Puerto Rico has several main highways that are in good condition. Just note that some of them now have automated tolls, so ensure you speak to the car rental agency about how they charge for tolls. Most cars will already have the AutoExpreso, the Puerto Rican toll collection system, installed in their vehicles.

The main highway, Highway 52, is a toll highway that takes you directly to Ponce, the second largest city in Puerto Rico on the southern coast. Highway 22 takes you along the northwestern coast of Puerto Rico, while Highway 2 takes you along the western coast, and Highway 3 takes you along the southeastern coast from Guayama back to San Juan. There are also several well-kept panoramic roads in the center of the island. If you’re feeling adventurous, you can drive the island’s perimeter in one day.

Renting a car is relatively affordable, and the prices are comparable to mainland United States. Since 2020, there’s been a price surge in rental vehicles, and unfortunately, Puerto Rico has not been immune to the pricing changes. Plan to spend between US $50-$100 a day for a car rental. Most mainland USA rental companies operate in Puerto Rico, making it easy to use your loyalty programs. Puerto Rican roads do have a lot of potholes, and sometimes, you need to take an unpaved road to get to some of the more remote beaches. If your budget allows, we recommend renting a jeep or SUV.

An unpaved road on the island of Vieques. Image credit: Getty Images / Alberto Coto

Local drivers and traffic in Puerto Rico

Location will dictate your driving experience in Puerto Rico. Puerto Rico does have aggressive drivers, especially in San Juan. Don’t be surprised if you see someone hopping on the roadside to advance on an exit or cutting you off if you’re too slow. However, drivers are more relaxed when you go into the rural or less populated towns.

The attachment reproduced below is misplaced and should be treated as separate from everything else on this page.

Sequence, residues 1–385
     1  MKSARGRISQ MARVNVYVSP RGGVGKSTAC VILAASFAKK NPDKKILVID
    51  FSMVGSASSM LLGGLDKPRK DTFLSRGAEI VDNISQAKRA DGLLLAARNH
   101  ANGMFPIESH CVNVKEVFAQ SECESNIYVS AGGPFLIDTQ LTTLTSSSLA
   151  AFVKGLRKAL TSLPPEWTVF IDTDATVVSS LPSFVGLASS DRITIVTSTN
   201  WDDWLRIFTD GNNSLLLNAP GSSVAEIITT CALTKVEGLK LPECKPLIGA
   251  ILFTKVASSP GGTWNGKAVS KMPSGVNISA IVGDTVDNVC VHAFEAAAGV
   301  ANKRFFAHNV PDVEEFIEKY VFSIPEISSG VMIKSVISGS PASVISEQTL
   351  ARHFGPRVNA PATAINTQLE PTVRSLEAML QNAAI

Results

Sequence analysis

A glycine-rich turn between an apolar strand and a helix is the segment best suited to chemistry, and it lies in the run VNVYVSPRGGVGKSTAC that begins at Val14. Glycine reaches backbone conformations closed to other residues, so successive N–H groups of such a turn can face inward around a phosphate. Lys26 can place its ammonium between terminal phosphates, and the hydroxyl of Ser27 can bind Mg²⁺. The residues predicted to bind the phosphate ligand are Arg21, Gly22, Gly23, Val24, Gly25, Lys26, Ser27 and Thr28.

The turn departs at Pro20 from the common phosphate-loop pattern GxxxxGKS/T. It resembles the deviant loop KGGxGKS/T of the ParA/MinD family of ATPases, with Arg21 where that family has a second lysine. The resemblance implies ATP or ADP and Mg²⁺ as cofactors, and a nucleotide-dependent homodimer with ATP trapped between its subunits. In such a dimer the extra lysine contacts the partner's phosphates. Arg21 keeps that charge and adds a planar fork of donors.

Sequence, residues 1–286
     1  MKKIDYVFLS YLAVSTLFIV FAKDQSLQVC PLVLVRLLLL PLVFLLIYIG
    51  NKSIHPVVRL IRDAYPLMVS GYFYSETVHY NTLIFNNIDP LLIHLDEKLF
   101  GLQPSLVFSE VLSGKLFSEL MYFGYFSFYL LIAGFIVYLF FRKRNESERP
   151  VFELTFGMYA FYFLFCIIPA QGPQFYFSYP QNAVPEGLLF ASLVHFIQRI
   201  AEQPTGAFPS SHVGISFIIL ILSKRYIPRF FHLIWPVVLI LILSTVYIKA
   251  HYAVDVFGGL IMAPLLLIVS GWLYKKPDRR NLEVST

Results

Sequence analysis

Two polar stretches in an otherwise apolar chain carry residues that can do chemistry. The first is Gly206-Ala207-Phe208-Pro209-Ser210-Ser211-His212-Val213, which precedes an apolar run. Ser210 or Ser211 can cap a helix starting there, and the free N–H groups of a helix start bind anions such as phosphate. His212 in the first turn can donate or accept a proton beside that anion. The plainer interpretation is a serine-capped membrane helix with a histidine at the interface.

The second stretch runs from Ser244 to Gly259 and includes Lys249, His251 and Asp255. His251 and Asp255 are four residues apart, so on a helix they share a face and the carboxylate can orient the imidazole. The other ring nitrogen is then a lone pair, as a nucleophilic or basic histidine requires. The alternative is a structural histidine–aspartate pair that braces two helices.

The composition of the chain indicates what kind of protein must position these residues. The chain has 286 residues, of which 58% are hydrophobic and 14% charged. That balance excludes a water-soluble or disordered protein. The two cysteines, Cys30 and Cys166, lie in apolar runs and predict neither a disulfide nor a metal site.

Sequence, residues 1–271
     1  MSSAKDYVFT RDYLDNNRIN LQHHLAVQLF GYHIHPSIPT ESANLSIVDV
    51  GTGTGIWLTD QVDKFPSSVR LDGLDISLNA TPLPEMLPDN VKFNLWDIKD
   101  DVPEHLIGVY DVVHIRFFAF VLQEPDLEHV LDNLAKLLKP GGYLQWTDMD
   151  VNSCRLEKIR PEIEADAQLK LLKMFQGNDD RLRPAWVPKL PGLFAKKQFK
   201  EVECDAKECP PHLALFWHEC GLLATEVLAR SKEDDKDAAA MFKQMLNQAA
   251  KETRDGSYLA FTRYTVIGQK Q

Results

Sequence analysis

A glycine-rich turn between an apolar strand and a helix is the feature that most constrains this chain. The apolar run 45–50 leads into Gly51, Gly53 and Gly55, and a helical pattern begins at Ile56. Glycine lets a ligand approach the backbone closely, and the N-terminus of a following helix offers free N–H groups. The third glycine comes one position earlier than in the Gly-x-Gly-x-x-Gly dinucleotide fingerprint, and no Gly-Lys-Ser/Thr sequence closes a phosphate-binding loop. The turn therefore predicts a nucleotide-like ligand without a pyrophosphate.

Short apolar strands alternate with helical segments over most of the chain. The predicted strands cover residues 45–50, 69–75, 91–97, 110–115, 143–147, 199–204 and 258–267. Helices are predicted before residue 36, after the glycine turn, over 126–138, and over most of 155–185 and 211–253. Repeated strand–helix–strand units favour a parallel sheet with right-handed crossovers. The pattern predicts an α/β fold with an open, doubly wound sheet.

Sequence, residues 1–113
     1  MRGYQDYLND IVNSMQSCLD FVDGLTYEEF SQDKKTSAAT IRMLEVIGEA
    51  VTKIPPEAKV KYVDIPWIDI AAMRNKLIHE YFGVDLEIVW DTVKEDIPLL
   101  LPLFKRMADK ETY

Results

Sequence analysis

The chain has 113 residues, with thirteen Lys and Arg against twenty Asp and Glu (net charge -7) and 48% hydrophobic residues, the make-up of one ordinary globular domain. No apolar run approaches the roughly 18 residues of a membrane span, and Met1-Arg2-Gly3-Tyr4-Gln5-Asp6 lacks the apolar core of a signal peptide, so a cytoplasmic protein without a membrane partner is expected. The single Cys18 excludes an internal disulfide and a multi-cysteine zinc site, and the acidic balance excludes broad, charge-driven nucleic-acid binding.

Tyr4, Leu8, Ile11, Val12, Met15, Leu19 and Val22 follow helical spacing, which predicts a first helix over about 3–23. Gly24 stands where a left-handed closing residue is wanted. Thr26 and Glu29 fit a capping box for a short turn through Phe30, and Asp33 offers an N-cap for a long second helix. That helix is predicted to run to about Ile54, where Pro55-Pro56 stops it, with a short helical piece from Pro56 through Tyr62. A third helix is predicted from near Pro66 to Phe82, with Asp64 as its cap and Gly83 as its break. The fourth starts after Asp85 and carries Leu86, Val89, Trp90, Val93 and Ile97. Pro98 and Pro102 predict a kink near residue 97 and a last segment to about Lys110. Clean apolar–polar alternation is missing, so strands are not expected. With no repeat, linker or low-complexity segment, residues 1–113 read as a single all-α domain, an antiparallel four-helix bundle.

San Juan, the densely populated metropolitan area, has its share of rush hour traffic or what residents call «El Tapón» (traffic jam). Avoid traveling towards San Juan between 6-9am and away from the metro area between 4-7pm. It can take you an hour to travel ten miles! Driving during rush hour can be very loud as well. Between the honking of impatient drivers, people blasting their music with the windows open, and friends chatting across vehicles, the San Juan commute can be pretty eventful.

Is it safe to drive in Puerto Rico?

Since the devasting damage of Hurricane Maria in 2017, there have been a lot of repairs done throughout Puerto Rico, and the highways are in good condition. Due to heavy rains, you may find potholes, especially on residential roads. If you’re traveling throughout the countryside, be mindful that rural streets can be narrow, windy, and with a steep incline. If you want to travel to these areas, be alert on the road. When traveling narrow, winding streets, be sure to honk the horn as you drive around the curves. Hurricane season is from June to November when random heavy rains commonly occur. Some downpours only last for 15-20 minutes, but they can seriously affect visibility or cause flooding.

Another thing to consider is street crime. Unfortunately, carjackings happen in Puerto Rico, so be aware of your surroundings. Keep the car locked and the windows up and avoid distractions. Puerto Rico’s Department of Transportation authorizes drivers to treat stoplights like stop signs between midnight and 5am. However, many locals will start doing this after 10:30pm with very little enforcement. Also, don’t leave any valuables in your car, especially at the beach. In the case of an emergency, call 911 to contact the police.

Other ways to get around Puerto Rico

Although driving is the most convenient way to explore the island, there are several other ways to get around. In the San Juan tourist areas, local taxis and Uber are widely available. Rideshares and taxis may be available to take you outside of San Juan but be mindful that you may not be able to get a ride back as quickly (or at all). Public transportation is also available in San Juan via AMA, the bus system, and Tren Urbano, a train system connecting San Juan with the greater metropolitan area. Fares are US $.75 and $1.50, respectively. The AMA bus routes cover the main tourist areas in San Juan such as Isla Verde, Condado, and Old San Juan. There’s also a ferry from Old San Juan to Catañ, perfect if you want to visit the Casa Bacardi.